Labor will limit negative gearing to new housing from a yet-to-be-determined date after the next election. All investments made before this date will not be affected by this change and will be fully grandfathered.
That means – buying new houses you get an income deduction on net losses – buying existing homes you don’t.
If the total of the interest and deductions related to investments exceed the investment income, the excess will not be able to be used for offset against other non-investment income. This excess will need to be carried forward for offset against future investment income or capital gains. Importantly, you will not have to look at each individual investment, or at any particular asset class – that would have been a very onerous and cumbersome exercise (Tax Institute senior tax counsel, Professor Robert Deutsch).
From a yet-to-be-determined date after the next election losses from new investments in shares and existing properties can still be used to offset investment income tax liabilities. These losses can also continue to be carried forward to offset the final capital gain on the investment.
It looks like new investments in share investments are safe, including any houses currently owned.
Capital Gains Tax
Labor will halve the capital gains discount for all assets purchased after a yet-to-be-determined date after the next election. This will reduce the capital gains tax discount for assets that are held longer than 12 months from the current 50 per cent to 25 per cent.
All investments made before this date will not be affected by this change and will be fully grandfathered.
This policy change will also not affect investments made by superannuation funds. The CGT discount will not change for small business assets. This will ensure that no small businesses are worse off under these changes.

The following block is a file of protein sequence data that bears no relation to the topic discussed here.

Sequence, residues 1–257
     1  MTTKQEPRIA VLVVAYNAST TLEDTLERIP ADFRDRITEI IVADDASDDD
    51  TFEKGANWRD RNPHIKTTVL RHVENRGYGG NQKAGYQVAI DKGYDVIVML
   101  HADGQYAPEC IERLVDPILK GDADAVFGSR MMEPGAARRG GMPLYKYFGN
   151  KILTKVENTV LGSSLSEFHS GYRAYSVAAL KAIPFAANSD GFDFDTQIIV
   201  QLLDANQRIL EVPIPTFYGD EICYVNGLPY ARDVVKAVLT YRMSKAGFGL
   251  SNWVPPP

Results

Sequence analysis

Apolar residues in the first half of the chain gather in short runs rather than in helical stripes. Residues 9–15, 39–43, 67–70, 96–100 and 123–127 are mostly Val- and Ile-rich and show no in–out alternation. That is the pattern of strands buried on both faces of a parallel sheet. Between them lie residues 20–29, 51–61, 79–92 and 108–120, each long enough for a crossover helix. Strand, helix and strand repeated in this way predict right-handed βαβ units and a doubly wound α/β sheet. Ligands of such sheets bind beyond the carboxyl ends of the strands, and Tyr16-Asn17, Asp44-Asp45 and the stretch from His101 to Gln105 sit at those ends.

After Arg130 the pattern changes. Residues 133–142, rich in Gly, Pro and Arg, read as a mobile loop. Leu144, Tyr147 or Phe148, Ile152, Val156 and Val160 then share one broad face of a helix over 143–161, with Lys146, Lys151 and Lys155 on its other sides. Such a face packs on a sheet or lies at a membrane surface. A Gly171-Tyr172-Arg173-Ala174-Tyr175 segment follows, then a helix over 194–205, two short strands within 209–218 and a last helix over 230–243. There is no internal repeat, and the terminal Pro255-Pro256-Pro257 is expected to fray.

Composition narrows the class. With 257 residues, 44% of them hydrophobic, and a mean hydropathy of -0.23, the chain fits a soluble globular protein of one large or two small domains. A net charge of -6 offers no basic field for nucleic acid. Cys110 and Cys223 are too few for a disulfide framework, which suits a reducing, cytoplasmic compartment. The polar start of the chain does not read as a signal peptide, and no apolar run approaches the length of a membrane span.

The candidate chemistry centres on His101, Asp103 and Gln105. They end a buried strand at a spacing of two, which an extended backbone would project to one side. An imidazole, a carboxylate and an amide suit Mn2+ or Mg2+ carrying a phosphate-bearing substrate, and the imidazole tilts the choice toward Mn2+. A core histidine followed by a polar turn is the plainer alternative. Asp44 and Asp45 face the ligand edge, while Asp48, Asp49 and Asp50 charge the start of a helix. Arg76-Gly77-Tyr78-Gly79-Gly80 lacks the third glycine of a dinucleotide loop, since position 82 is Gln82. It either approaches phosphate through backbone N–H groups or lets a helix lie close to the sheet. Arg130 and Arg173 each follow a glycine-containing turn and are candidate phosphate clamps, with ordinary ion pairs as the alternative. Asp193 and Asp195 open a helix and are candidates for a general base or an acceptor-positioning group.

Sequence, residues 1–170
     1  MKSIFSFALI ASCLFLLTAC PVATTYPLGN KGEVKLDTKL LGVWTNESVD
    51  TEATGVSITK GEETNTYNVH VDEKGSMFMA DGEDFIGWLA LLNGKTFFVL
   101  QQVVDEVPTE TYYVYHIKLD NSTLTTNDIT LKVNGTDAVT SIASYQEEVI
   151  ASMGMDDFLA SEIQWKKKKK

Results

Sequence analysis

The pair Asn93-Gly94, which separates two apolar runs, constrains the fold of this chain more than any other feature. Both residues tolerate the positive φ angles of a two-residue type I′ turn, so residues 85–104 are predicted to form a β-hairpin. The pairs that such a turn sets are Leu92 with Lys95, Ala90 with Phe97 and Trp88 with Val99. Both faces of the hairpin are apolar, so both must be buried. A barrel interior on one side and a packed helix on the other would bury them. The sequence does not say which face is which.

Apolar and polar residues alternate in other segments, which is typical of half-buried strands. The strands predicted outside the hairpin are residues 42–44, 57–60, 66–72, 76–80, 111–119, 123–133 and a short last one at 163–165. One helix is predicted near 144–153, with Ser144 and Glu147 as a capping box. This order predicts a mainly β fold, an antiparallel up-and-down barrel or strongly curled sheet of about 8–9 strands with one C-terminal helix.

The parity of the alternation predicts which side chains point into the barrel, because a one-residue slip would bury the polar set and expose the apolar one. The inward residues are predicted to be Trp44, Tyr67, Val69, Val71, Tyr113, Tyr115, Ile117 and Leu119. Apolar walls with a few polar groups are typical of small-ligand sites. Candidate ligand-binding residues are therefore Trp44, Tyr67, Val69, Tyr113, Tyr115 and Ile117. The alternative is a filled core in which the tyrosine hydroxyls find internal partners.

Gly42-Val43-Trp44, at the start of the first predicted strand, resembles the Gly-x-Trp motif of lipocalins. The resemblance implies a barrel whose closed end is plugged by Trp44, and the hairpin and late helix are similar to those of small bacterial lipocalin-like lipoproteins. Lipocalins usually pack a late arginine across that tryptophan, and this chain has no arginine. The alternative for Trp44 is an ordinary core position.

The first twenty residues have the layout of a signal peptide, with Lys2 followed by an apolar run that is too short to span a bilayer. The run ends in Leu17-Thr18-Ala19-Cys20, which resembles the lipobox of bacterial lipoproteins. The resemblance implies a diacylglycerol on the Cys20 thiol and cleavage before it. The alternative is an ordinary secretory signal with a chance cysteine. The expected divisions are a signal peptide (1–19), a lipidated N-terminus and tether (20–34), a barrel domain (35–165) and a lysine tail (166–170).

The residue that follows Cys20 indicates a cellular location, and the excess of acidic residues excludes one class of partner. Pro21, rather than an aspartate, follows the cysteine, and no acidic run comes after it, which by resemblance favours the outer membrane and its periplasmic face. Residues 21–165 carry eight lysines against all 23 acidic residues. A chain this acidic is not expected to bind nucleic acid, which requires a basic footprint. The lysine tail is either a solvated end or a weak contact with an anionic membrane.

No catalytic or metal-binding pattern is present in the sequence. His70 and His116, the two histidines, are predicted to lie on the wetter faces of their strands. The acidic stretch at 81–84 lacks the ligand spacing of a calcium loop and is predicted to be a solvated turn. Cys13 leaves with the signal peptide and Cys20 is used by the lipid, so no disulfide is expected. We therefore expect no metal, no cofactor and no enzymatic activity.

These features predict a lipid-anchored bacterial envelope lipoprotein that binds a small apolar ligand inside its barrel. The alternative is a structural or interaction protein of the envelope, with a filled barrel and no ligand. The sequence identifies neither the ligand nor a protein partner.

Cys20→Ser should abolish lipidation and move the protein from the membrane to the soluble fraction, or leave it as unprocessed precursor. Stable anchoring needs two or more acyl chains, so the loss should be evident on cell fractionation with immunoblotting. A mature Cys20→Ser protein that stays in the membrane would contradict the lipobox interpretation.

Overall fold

Since superannuation assets are broadly spread amongst the population, Labor has carved out the Superannuation sector from the CGT proposal.
Imputation credits for individuals and superannuation funds will no longer be a refundable tax offset, and will return to being a non-refundable tax offset consistent with the tax treatment of most other tax offsets. Cash refunds will not arise if excess imputation credits exceed tax liabilities.
For superannuation funds, that means that receiving income franked at 30% would normally result in a tax refund. For example – if the fund receives a $700 cash dividend which carries a $300 franking credit, then the fund’s income is $1,000 ($700 plus $300 credit). Your fund would be taxed at 15%, which is a $150 tax bill. But because you already have a $300 tax credit, you normally would get a $150 refund ($300 tax credit less $150 tax owing). You don’t get that anymore.
You will need to focus on reducing the proportion of your investments that invest in fully franked dividends from a maximum of 100% to, probably a maximum of 50% of your investments. This will impact all assets that pay fully franked dividends, with investors looking for returns that are unfranked.
For example, an investment may pay 5% fully franked dividend, which would normally pay a grossed-up return of 7.14%. Another investment may pay an unfranked return of 6.5%. All other things being equal (risk/return), then 6.5% return is more attractive than 5%.
The days of a self-managed superannuation fund sitting in a simple portfolio of shares paying fully franked dividends will need to be re-assessed if you are looking to maximise return